An advertising watchdog’s report found dozens of claims that it says were false and deceptive. Wal-Mart blames suppliers.
E-mail marketers using certified e-mails drive profits 38% higher than others, says a study by Jupiter Research and vendor Goodmail.
Marketers using certified e-mail–-a process certifying that e-mail marketers conform to industry rules against sending unwanted messages--typically have more successful e-mail campaigns than those that do not, according to a new research report from Jupiter Research, a Forrester Research company.
The online study, commissioned by vendor Goodmail Systems, surveyed 202 e-mail marketers in October and November. Assuming a standard monthly e-mail volume of 2.8 million-–the monthly average for U.S. e-mail marketers, according to Jupiter-–the model showed that profitability from e-mail was 38% higher for retailers using certified e-mail than for those not using it. Higher conversion rate was one key factor in those results, with 68% of the e-mail marketers surveyed reporting conversion rates of 3% or higher, compared to only 40% of those that use non-certified e-mail.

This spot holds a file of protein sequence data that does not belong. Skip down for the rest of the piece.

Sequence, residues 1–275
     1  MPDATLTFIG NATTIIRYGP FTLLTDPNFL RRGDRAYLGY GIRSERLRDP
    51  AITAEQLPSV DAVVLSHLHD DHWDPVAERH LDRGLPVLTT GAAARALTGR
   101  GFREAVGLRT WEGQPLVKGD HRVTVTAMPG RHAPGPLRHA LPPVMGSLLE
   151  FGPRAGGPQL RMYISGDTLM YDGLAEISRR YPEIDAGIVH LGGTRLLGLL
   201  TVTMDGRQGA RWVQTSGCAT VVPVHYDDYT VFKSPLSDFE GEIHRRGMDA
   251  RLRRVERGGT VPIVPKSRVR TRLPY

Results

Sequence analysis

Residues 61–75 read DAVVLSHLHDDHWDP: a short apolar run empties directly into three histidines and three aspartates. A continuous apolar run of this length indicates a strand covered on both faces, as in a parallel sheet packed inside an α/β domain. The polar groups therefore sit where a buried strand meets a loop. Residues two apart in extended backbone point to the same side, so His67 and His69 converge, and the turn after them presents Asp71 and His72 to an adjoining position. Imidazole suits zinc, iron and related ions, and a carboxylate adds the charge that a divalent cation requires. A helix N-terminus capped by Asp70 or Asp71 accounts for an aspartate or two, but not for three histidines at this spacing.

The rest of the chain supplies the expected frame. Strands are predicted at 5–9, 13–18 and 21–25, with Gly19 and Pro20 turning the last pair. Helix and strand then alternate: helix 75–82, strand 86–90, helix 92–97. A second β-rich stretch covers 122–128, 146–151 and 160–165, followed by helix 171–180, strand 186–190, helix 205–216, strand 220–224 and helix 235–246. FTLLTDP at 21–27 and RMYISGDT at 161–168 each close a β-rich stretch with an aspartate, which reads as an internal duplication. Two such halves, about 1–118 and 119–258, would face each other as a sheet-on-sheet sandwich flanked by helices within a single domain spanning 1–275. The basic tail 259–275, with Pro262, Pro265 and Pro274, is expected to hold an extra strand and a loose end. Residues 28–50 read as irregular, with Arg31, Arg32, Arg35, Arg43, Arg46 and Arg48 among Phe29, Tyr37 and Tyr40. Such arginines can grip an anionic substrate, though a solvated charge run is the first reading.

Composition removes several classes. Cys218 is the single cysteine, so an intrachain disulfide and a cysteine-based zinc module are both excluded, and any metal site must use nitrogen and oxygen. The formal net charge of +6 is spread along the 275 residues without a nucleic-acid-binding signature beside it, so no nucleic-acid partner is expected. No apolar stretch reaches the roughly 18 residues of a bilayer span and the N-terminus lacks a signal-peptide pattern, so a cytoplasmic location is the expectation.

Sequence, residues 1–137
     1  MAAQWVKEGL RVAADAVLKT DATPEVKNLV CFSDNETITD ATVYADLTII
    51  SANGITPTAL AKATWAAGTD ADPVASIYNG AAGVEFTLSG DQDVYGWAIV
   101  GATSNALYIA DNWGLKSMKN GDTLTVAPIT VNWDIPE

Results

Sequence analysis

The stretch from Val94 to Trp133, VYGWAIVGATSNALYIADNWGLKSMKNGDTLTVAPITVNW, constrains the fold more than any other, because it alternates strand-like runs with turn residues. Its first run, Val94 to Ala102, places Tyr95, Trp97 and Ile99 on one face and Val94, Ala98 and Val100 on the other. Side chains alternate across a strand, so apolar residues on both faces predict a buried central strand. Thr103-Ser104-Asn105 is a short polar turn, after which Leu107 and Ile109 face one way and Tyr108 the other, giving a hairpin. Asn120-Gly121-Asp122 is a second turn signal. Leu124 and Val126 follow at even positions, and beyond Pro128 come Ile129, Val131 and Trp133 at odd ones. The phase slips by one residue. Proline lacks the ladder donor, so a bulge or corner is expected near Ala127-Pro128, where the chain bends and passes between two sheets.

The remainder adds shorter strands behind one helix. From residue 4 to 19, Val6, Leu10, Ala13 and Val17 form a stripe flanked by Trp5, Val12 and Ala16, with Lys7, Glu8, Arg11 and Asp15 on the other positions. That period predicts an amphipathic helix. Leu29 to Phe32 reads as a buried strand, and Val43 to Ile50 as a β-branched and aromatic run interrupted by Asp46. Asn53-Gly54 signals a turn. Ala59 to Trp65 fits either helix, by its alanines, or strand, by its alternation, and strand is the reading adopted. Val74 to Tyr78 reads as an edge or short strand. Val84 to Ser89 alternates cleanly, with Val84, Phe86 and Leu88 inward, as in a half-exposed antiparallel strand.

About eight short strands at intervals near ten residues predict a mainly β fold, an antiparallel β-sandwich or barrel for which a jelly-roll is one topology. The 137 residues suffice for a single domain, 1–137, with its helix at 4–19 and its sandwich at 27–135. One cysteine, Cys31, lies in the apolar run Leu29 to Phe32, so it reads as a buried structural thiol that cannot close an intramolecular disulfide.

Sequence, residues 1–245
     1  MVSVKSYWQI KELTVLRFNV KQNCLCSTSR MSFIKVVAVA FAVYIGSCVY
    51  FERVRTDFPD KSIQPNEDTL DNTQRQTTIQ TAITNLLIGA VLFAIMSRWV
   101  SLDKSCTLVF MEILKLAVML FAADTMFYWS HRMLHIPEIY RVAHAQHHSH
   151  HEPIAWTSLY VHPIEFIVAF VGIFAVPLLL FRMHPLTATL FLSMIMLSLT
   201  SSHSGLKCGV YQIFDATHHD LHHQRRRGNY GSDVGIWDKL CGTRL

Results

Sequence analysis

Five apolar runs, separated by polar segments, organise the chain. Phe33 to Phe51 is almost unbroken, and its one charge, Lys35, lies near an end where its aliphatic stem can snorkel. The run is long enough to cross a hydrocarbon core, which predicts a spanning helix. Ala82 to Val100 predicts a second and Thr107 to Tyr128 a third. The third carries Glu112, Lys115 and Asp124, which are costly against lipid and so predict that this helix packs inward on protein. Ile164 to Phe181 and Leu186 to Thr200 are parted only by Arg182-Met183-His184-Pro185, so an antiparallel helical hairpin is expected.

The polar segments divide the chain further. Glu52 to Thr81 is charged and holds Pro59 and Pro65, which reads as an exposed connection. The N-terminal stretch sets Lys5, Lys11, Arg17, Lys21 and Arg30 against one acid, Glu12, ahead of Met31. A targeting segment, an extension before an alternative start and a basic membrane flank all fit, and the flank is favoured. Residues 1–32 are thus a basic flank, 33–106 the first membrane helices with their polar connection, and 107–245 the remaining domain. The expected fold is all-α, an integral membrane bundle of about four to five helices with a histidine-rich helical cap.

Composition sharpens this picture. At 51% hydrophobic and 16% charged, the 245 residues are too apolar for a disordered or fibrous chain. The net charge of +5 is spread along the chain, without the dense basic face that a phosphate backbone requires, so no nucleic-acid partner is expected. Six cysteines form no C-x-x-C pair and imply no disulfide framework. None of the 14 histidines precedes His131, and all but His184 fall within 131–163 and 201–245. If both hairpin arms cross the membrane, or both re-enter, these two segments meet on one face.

Jupiter calculated the higher profitability of retailers using certified e-mail by developing a model that compared average e-mail campaign performance, based on metrics such as conversion and open rate, to the average cost of producing e-mail campaigns.
“In these especially difficult economic times, marketers must focus on reaping the most out of every dollar they spend,” says Peter Horan, CEO of Goodmail Systems. “The new report highlights that e-mail certification helps marketers make more money from their e-mail campaigns.”
E-mail is eligible for certification from vendors such as Goodmail when the sender of the e-mail can demonstrate it meets certain standards such as not phishing or spamming consumers.
The study also found that users of e-mail certification tend to employ more sophisticated marketing tactics. For example, they were more likely to include four or more images in their e-mail templates than marketers not using certified e-mail, and they were more likely to use list segmentation and dynamically generated content in their e-mail campaigns.
Additionally, 53% of the e-mail marketers surveyed cited lack of trust as a result of “increased spam and e-mail phishing attacks” and 45% of respondents cited “further e-mail and image blocking” as top challenges during the next 12 months. 40% cited worry about the poor economic environment.